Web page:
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All Good Presents...

The Wood Brothers

Shovels & Rope

May 20

Doors: 6:30PM / Show: 8:00PM
$41.00 - $61.00
Buy Tickets

Please Note: Please Note: Tickets are non-transferable until 24 hours prior to the show time. Any tickets suspected of being purchased for the sole purpose of reselling can be cancelled at the discretion of The Anthem/Ticketmaster. Opening acts, door times, and set times are always subject to change.

The Wood Brothers have partnered with American Friends of Canadian Conservation so that $1 per ticket will support The Nature Trust of British Columbia (NTBC) in their efforts to conserve ecologically-rich wetlands and protect irreplaceable land from development. Every $1 donated will be matched by the U.S. Fish and Wildlife Service with $2 so more endangered wetlands can be saved. If you?d like to learn more, please visit this link.

The Wood Brothers

The Wood Brothers have learned to trust their hearts. For the better part of two decades, they've cemented their reputation as freethinking songwriters, road warriors, and community builders, creating a catalog of diverse music and a loyal audience who’ve grown alongside them through the years. That evolution continues with Heart is the Hero, the band's eighth studio album. Recorded analog to 16-track tape, this latest effort finds its three creators embracing the chemistry of their acclaimed live shows by capturing their performances in real-time direct from the studio floor with nary a computer in sight. An acoustic-driven album that electrifies, Heart is the Hero is stocked with songs that target not only the heart, but the head and hips, too. "We love records that come from the era of less tracks and more care," explains co-founder Oliver Wood. "When you use a computer during the tracking process, you have an infinite number of tracks at your disposal, which implies that nothing is permanent, and everything can be fixed. Tape gives you limitations that force you to be creative and intentional. You don't look at the music on a screen; you listen to it, and you learn to focus on the feeling of the performance." Throughout Heart Is The Hero, those performances are matched by the visceral storytelling and songwriting chops that have turned The Wood Brothers into Grammy-nominated leaders of American roots music, even as their music reaches far beyond the genre's borders. The stripped-down swagger of "Pilgrim" underscores Oliver's reminder to slow down and experience eachmoment as an interactive observer, rather than a passive tourist. A similar theme anchors "Between the Beats," where Oliver draws upon a meditation technique — maintaining one's focus on the space between heartbeats — to reach a new level of presence. The gentle sway of country soul gem “Rollin’ On,” featuring horns by Matt Glassmeyer and Roy Agee, expounds on the time-honored tradition of love as the guiding light through darkness, while ”Mean Man World" finds Chris Wood singing about his responsibilities as a father whose young daughter is poised to inherit an uncertain future. "Line Those Pockets" is a universal call for mercy and understanding over materialism. "Everybody's just trying to be happy, so put your money away; line those pockets with grace," the band sings in three-part harmony during the song's chorus, which emphasizes compassion over cash as the world's true currency. Together, these songs offer a snapshot of a spirited, independent-minded group at the peak of its powers, always pushing forward and seeking to evolve beyond what’s come before.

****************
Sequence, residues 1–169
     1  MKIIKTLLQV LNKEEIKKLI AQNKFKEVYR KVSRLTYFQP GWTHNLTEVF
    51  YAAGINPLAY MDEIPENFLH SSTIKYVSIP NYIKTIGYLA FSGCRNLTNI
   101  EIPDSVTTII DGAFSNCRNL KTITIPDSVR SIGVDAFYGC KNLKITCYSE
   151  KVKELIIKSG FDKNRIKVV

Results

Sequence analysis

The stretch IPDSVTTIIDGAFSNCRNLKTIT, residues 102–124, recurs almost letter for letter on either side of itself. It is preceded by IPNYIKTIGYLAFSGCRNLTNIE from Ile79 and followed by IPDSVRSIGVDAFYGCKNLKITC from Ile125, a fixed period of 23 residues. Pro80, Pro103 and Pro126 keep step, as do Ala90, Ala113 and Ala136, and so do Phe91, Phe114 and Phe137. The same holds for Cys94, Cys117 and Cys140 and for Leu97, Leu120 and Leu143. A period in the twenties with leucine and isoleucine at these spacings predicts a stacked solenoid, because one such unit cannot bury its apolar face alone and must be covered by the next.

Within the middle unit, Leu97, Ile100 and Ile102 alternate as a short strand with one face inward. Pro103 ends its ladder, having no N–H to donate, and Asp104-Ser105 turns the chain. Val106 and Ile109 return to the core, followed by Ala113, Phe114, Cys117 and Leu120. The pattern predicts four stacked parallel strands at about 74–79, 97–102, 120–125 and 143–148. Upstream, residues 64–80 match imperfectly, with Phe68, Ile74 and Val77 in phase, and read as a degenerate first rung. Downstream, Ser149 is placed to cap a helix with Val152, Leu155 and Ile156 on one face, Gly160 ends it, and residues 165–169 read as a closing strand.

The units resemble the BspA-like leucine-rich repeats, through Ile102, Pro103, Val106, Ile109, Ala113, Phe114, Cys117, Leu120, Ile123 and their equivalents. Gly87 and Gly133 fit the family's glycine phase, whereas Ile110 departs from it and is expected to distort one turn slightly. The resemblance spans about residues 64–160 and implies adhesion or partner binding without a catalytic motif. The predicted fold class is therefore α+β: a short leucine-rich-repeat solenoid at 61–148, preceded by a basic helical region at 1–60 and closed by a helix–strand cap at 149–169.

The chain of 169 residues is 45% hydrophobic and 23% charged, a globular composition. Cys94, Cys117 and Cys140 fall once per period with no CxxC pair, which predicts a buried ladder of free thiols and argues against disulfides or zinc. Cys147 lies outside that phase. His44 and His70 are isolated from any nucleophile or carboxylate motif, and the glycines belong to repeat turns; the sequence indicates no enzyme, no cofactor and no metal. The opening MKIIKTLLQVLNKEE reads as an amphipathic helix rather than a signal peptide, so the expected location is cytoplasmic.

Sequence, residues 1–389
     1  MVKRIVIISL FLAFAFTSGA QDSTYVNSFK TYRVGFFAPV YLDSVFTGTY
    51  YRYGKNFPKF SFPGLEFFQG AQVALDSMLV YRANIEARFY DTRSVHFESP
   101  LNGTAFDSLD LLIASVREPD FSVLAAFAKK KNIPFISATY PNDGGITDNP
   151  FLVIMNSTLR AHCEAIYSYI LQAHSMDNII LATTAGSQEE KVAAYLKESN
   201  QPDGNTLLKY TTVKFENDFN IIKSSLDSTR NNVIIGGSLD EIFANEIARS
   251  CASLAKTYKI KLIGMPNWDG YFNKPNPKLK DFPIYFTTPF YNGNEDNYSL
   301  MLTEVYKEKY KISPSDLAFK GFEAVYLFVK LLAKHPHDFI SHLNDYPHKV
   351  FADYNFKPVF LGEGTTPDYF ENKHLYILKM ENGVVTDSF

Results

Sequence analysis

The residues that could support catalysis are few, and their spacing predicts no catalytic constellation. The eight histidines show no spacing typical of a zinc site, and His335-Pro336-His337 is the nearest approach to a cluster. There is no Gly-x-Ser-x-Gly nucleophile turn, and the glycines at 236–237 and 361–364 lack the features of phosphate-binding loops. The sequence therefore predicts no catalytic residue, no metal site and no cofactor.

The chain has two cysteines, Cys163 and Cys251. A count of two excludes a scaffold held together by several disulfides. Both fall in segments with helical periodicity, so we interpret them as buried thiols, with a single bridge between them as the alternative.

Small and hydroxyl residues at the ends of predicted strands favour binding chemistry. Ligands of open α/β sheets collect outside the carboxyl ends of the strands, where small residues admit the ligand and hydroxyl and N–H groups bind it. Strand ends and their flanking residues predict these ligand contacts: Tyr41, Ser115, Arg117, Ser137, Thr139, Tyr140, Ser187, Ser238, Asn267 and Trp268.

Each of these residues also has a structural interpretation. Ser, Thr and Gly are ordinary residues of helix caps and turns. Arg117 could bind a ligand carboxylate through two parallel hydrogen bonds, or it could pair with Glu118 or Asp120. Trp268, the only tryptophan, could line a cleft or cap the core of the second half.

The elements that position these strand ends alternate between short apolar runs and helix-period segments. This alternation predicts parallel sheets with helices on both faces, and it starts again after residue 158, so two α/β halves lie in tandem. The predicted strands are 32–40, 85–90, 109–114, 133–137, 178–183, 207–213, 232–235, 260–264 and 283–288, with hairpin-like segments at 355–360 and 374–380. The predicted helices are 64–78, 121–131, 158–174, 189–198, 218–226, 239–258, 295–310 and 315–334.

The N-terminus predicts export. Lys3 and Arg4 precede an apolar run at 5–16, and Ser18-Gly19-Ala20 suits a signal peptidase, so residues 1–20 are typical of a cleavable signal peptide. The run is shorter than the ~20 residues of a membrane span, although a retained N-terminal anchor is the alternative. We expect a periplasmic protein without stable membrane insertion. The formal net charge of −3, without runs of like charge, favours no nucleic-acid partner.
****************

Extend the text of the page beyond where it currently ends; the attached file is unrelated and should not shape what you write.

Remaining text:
Shovels & Rope

“It’s not heavy metal, but in our guts, it feels a bit like Heavy Metal,” says Michael Trent of the band’s new album, Manticore due Feb. 18. Next year, 2022, will mark ten years since Cary Ann Hearst and Michael Trent released their debut album O’ Be Joyful, the first formally billed as “Shovels & Rope.” That decade included the release of six full-length albums, three collaborative covers albums (Busted Jukebox Volumes 1-3), a curated music festival in their hometown of Charleston, SC (High Water), a musical film (Shovels & Rope: The Movie) and countless dynamic live performances all over the planet. But it was in the rear courtyard suite of the Decatur St. house belonging to the Preservation Hall Jazz Band in New Orleans where Michael and Cary Ann began polishing up the songs that became Manticore. There was a piano in the room and a little desk. There were piles of scattered and folded papers lying on the bed and copious digital ideas in the form of voice memos. And despite the pounding parades in the surrounding streets, it was quiet in the afternoon.

Months of relentless touring, partnering and parenting had left them threadbare, and the New Orleans stay was intended for finding time to think while renovations were happening at their house on Johns Island, SC. That time coincided with the last Mardi Gras before the world shut down and went into hiding. Sitting at the piano amid the pile of finished and unfinished lyrics, there was a bittersweetness and exhausted peace that belied the coming tribulations. The Decatur St. house would be the last stop on the year-long assembly line of songwriting on the fly. An image here and a rhyme there, scratched into a note pad for later. The next stop was The Whip, the home studio that was a refuge workspace in their backyard. They got back, put the laundry on, digested the news that the world was closed, the tour was canceled indefinitely, and the only thing to do was go inside. Inside the house, inside the studio, inside your mind and inside your time.

Venue Information:
The Anthem
901 Wharf St SW
Washington, DC, 20024
WWW.THEANTHEMDC.COM